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Med Sci Sports Exerc. 2011 Mar;43(3):509-15. doi: 10.1249/MSS.0b013e3181f2589f.

Effects of vibrations on gastrocnemius medialis tissue oxygenation.

Author information

  • 1Human Performance Laboratory, Faculty of Kinesiology, University of Calgary, Calgary, Canada. acoza@kin.ucalgary.ca

Abstract

PURPOSE:

Whole-body vibrations are known to affect muscle activity and tissue oxygenation, but some energetic aspects are still poorly understood. This study investigates the effects of whole-body vibration on gastrocnemius muscle oxygen utilization rate and tissue oxygenation dynamics during exercise.

METHODS:

The effects of vibration on gastrocnemius medialis muscle oxygenation were investigated during a dynamic exercise on a sample of 16 active male subjects (age = 26.3 ± 5.1 yr, mass = 71.2 ± 4.8 kg (mean ± SD)). Both arterially occluded (AO) and nonoccluded (N/O) conditions were investigated. Tissue oxygenation was monitored with a near-infrared spectrometer. Oxygen utilization rate and tissue oxygenation recovery were computed as the slopes of the regression line of the oxygenation decay and recovery, respectively. A fast Fourier transform (FFT) was used to determine the frequency spectrum of the oxygen saturation data. EMG activity was monitored using bipolar EMG electrodes. A windowed root mean square analysis was used to monitor the amplitude of the EMG signal.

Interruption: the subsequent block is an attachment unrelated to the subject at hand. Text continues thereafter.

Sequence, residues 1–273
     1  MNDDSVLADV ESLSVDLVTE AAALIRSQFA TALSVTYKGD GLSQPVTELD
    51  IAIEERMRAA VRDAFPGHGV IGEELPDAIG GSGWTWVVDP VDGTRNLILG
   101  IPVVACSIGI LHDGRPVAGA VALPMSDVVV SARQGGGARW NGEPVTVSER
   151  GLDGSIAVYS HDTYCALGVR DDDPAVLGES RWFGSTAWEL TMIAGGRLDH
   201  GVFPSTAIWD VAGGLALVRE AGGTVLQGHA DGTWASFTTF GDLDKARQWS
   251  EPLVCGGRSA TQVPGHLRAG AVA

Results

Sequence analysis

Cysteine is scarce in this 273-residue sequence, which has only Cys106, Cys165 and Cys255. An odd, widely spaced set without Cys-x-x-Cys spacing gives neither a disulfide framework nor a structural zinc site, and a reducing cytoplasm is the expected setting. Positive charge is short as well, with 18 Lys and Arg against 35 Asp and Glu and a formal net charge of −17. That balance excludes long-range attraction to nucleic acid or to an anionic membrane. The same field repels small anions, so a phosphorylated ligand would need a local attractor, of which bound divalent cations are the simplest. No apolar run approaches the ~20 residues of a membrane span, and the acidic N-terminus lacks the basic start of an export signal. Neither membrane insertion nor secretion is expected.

RESULTS:

A statistically significant increase of 15% (P < 0.05) in oxygen utilization rate was found for the vibration condition in the AO leg but not in the N/O leg. The oxygenation recovery rate for the vibration condition was 34% higher (P < 0.05) than that for the control condition. A low-frequency periodic oscillation (T ≈ 10 s) in the tissue oxygenation data was determined from the FFT spectrum. A statistically significant decrease in the oscillation frequency was noticed for the vibration condition compared with the control.

CONCLUSIONS:

Vibrations increased the oxygen utilization rate during a dynamic exercise. The oxygenation recovery rate increased with vibrations. The low-frequency oscillation of the oxygenation was attributed to the periodic changes in tissue blood flow, and this seems to be influenced by vibrations.

PMID:
20689452
[PubMed - indexed for MEDLINE]
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